I say it was unexpected, but looking back, I should have seen it coming a mile off. Some months earlier, David had told me that he’d become a Christian. That was a bit odd, because Mum and Dad had brought us up to go to church, and even though I’d stopped going, I assumed I was a Christian and I assumed David was too – not least of all because he kept going to church through his teenage years. And in my mind you didn’t have to go to church to be a Christian.
So when David said he had become a Christian I asked him what he meant. I can’t remember everything he said, but I do recall him saying something about there being a difference between being a churchgoer and a Christian – not that I really understood what he meant at the time.
What I did realise is that my big brother was now taking his religion very seriously. So when he handed me a Bible on Christmas morning, I should have seen it coming.
I put the Bible on my bed with the pile of presents Father Christmas (aka Mum and Dad) had already given me that morning and didn’t think much more about it through the day. But the next day, Boxing Day, I started to read it. And I read a chapter a day for the next five days. A couple of days after that, David asked me how I was getting on with reading the Bible and I said to him, ‘Oh I started reading it, but I stopped at chapter five.’
‘Why did you stop there,’ he asked me.
‘Because everyone died’ I replied. If you’ve never read Genesis chapter 5, the constant refrain ‘and then he died’ isn’t the cheeriest thing you’ll ever read.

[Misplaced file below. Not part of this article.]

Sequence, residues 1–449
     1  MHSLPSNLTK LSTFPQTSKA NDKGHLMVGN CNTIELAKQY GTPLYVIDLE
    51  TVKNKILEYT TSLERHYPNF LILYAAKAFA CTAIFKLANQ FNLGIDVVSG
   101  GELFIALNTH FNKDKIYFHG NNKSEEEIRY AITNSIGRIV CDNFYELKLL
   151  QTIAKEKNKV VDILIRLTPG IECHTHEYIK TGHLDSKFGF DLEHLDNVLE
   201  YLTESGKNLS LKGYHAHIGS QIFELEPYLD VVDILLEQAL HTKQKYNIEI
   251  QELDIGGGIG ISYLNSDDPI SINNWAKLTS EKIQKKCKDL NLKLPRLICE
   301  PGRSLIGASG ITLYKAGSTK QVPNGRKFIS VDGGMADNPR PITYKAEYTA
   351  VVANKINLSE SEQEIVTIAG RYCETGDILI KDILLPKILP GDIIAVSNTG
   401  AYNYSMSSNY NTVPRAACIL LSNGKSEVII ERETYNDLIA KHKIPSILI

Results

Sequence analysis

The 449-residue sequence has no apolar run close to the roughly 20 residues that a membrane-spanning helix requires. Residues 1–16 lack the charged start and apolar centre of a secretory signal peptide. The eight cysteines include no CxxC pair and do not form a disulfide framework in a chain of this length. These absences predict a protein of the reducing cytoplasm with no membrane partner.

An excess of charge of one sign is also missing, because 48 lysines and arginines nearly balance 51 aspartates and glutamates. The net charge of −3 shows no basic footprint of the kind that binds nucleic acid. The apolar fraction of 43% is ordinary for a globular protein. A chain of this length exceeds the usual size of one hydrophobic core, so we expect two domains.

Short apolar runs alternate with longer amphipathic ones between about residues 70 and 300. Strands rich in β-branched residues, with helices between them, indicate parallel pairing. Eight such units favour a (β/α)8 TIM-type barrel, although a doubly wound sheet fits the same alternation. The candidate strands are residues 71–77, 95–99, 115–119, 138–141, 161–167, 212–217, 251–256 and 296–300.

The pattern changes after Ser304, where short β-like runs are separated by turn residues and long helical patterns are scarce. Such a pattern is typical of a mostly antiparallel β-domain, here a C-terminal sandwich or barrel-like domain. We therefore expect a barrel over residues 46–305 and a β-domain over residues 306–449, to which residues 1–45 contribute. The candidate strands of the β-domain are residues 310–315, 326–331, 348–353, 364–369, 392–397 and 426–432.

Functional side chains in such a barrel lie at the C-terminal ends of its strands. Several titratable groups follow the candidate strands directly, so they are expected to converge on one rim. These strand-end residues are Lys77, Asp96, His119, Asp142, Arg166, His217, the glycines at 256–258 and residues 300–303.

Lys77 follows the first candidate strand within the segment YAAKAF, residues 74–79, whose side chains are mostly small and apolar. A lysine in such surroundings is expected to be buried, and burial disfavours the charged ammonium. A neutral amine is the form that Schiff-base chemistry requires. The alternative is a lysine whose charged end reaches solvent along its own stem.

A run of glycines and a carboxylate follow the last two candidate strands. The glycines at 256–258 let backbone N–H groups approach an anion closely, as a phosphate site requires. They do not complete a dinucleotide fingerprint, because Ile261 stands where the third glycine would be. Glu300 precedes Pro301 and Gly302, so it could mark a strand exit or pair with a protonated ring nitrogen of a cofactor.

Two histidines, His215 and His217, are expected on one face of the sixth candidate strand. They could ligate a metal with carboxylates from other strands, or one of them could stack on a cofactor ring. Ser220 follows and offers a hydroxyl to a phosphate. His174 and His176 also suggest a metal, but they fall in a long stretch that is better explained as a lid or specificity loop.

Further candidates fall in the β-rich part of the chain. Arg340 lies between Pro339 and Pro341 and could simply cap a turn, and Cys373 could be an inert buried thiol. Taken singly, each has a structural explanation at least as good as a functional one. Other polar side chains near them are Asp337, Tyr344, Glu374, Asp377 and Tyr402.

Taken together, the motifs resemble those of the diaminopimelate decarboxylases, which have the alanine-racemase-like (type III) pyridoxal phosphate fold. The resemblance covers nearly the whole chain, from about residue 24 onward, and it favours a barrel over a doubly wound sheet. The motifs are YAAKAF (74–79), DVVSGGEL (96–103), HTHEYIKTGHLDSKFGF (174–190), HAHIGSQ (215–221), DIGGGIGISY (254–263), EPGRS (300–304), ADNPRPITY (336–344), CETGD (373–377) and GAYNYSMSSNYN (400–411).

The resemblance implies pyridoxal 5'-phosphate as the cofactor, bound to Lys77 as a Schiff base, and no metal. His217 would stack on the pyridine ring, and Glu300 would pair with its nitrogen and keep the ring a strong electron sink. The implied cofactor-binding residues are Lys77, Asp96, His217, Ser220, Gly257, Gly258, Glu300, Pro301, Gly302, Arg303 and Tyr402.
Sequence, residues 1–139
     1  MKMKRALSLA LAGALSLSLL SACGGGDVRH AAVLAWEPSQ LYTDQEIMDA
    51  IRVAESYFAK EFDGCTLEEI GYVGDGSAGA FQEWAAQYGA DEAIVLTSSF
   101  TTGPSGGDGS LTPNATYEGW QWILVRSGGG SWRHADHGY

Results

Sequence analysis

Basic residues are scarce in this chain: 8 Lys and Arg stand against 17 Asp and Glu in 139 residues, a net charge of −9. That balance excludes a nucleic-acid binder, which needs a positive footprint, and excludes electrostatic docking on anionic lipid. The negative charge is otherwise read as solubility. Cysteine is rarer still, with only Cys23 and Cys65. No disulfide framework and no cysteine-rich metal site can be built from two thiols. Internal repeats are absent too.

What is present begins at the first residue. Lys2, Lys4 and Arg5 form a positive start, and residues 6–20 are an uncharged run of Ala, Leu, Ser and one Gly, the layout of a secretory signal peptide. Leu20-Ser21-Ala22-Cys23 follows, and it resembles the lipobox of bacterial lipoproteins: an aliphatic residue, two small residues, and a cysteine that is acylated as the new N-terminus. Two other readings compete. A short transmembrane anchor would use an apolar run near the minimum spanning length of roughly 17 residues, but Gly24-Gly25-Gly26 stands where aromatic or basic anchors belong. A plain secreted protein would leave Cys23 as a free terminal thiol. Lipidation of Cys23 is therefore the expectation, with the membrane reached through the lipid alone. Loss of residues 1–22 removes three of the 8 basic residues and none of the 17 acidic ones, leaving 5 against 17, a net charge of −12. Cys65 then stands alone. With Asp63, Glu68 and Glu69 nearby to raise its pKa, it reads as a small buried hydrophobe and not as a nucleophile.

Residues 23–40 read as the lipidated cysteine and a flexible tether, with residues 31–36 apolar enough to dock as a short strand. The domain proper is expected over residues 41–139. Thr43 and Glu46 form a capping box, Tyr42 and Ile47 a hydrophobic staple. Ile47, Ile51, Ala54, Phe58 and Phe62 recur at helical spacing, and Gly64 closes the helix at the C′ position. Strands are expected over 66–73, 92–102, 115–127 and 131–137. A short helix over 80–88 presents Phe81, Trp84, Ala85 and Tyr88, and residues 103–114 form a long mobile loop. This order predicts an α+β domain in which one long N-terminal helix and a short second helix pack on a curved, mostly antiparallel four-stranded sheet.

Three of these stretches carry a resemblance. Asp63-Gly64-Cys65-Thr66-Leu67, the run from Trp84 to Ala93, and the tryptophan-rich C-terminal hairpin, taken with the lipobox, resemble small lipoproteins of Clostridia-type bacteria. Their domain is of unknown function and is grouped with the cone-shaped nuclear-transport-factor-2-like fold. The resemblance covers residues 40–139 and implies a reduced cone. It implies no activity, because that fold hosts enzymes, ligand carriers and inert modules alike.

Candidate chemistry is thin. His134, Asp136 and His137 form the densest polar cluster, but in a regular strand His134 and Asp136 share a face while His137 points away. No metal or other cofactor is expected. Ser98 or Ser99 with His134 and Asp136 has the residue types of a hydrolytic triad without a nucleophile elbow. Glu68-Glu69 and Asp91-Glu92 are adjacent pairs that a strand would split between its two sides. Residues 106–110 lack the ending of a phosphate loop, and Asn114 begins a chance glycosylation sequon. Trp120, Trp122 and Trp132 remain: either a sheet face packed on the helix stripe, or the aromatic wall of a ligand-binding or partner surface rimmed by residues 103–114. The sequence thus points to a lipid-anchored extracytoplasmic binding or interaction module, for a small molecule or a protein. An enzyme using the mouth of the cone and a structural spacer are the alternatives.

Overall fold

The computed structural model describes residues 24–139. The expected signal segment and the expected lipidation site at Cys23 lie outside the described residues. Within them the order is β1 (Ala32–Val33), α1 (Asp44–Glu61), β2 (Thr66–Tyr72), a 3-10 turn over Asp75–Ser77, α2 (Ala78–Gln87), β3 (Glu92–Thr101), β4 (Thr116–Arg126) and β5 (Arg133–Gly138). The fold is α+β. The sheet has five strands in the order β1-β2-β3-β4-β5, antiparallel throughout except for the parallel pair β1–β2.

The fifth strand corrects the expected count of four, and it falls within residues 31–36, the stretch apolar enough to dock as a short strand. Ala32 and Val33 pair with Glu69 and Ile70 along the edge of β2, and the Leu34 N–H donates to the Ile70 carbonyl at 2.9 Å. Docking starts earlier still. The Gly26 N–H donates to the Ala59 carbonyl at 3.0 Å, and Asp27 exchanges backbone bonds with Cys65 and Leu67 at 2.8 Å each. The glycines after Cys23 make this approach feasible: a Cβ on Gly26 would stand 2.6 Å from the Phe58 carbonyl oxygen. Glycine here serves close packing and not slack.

So, having asked me ‘Why did you stop there?’ my brother then asked me the opposite question, ‘Why did you start there?’ He asked me why I started reading Genesis. I thought it was a really dumb question. I started reading the Bible at Genesis because it was the beginning of the book.
My brother explained that the Bible was a collection of 66 books. It was as if I had a library of books in my hand. And he suggested I might start again and read Matthew’s gospel, one of four accounts of Jesus’ life in the Bible. So I started again and I couldn’t put it down. As I read of Jesus’ life, all the ‘stories’ I had been told at Sunday school came alive to me. It was familiar and yet completely new. As I read about Jesus, it was as if I was actually meeting with Him. And in meeting Jesus I was encountering someone who answered the big questions I had about life.
Over the next few months I came to understand that despite not being the person I should be, Jesus’ death on the cross could bring me forgiveness and make me ready to meet God when I died. And Jesus’ resurrection was proof that there was life beyond the grave. I grasped that knowing Jesus was the missing piece. He was the one I was made for. He was what life was all about.
It all began at Christmas. For me it all began on Christmas Day 1982 when my brother handed me a Bible. But in a far more significant way, it really did all begin at Christmas. When Jesus, the Saviour of the world, was born. As the carol says, ‘Born that man no more may die’.